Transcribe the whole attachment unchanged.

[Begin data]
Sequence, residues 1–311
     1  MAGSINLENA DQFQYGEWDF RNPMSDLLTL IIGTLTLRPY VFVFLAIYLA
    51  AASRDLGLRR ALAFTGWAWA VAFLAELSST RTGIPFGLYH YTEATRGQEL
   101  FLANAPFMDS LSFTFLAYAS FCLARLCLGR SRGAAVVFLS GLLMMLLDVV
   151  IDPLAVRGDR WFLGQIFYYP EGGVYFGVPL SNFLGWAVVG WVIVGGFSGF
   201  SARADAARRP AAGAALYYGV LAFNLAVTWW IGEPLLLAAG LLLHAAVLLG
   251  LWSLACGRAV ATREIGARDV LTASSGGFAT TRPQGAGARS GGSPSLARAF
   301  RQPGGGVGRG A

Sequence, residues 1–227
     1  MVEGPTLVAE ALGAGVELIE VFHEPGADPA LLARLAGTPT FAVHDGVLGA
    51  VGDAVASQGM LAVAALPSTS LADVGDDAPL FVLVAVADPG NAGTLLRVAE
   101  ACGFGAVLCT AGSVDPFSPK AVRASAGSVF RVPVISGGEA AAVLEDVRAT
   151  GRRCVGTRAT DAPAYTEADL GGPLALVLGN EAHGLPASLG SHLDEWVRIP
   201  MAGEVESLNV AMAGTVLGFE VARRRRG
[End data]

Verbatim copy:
Sequence, residues 1–311
     1  MAGSINLENA DQFQYGEWDF RNPMSDLLTL IIGTLTLRPY VFVFLAIYLA
    51  AASRDLGLRR ALAFTGWAWA VAFLAELSST RTGIPFGLYH YTEATRGQEL
   101  FLANAPFMDS LSFTFLAYAS FCLARLCLGR SRGAAVVFLS GLLMMLLDVV
   151  IDPLAVRGDR WFLGQIFYYP EGGVYFGVPL SNFLGWAVVG WVIVGGFSGF
   201  SARADAARRP AAGAALYYGV LAFNLAVTWW IGEPLLLAAG LLLHAAVLLG
   251  LWSLACGRAV ATREIGARDV LTASSGGFAT TRPQGAGARS GGSPSLARAF
   301  RQPGGGVGRG A

Sequence, residues 1–227
     1  MVEGPTLVAE ALGAGVELIE VFHEPGADPA LLARLAGTPT FAVHDGVLGA
    51  VGDAVASQGM LAVAALPSTS LADVGDDAPL FVLVAVADPG NAGTLLRVAE
   101  ACGFGAVLCT AGSVDPFSPK AVRASAGSVF RVPVISGGEA AAVLEDVRAT
   151  GRRCVGTRAT DAPAYTEADL GGPLALVLGN EAHGLPASLG SHLDEWVRIP
   201  MAGEVESLNV AMAGTVLGFE VARRRRG